Last-Minute Progress Made On Pandemic Flu; More Still To Come

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By Kaitlin Mara
Significant strides were made at last week’s World Health Organization meeting on pandemic influenza preparedness, as assembled delegates searched for – and found – a way to satisfy member states’ differing views on the need for access to viruses and related biological materials and the need for access to vaccines and other benefits. Yet still-contentious issues – including intellectual property rights and definitions – remain unresolved, with delegates hoping informal intersessional work will facilitate the search for consensus when the meeting resumes next May.

The compromise text found on virus and benefit sharing reads: “Recognise that member states have a commitment to share on an equal footing H5N1 and other influenza viruses of human pandemic potential and the benefits considering these as equally important parts of the collective action for global public health.”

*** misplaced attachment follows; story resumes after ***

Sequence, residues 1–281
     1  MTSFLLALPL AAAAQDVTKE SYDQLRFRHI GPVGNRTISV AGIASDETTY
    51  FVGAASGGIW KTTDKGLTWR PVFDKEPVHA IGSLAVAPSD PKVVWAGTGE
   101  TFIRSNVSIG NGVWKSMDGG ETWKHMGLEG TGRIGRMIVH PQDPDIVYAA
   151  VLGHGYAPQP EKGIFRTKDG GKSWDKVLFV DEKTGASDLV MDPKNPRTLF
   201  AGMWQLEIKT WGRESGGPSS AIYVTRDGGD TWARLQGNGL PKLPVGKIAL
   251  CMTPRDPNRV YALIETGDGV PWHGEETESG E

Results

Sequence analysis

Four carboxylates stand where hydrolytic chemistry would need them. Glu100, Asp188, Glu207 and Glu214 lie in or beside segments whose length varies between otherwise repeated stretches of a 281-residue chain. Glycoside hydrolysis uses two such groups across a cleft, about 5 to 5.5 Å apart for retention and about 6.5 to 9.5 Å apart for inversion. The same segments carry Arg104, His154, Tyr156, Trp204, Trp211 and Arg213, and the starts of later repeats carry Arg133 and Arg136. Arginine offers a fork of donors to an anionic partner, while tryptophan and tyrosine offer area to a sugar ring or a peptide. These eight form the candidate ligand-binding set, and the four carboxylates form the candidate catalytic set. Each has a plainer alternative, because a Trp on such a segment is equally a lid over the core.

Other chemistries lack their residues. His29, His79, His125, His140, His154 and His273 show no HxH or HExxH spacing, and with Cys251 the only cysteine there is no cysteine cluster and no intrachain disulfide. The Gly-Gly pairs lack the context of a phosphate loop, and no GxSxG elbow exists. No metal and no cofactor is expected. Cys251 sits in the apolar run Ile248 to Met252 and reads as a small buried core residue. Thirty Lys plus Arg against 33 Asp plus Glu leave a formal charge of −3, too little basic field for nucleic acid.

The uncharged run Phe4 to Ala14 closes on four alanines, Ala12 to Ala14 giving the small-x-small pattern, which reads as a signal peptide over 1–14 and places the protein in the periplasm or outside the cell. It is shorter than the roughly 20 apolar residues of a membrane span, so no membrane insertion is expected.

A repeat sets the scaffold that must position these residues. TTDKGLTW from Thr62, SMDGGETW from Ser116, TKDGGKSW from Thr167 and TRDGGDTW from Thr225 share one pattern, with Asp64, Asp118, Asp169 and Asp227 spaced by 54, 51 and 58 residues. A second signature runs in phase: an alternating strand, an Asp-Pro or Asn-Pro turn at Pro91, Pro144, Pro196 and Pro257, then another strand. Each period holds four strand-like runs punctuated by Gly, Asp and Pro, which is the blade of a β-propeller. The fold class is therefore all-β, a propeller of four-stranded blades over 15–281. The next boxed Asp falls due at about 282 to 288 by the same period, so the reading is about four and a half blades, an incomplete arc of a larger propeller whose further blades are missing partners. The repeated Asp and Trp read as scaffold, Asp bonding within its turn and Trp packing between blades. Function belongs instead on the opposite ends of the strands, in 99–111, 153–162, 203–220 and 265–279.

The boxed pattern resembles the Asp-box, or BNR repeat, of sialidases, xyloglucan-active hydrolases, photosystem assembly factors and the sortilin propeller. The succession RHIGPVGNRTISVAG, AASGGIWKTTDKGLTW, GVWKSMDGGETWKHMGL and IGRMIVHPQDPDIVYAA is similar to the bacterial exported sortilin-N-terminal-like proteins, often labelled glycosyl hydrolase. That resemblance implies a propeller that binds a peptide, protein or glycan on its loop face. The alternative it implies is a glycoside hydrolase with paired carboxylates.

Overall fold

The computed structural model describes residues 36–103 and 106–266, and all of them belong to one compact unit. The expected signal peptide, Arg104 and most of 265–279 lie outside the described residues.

The drafting of this language was seen as a key success of the 8-13 December WHO Intergovernmental Meeting on Pandemic Influenza Preparedness (IGM).

Earlier versions of the phrasing had involved debates over “voluntary” versus “mandatory” frameworks, and had not been able to bring consensus. But informal discussions between key member states – mainly Indonesia and the United States – produced mutually acceptable language that was widely hailed as one of the key steps forward in this meeting.

The connection between virus and benefit sharing had been a “bone of contention” between the two states, said Abdulsalam Nasidi, director of public health in Nigeria.

The commitment language was “a breakthrough,” said another delegate. But intellectual property rights issues are “still pending,” the delegate said, and will be difficult as the positions on them represent two opposite visions.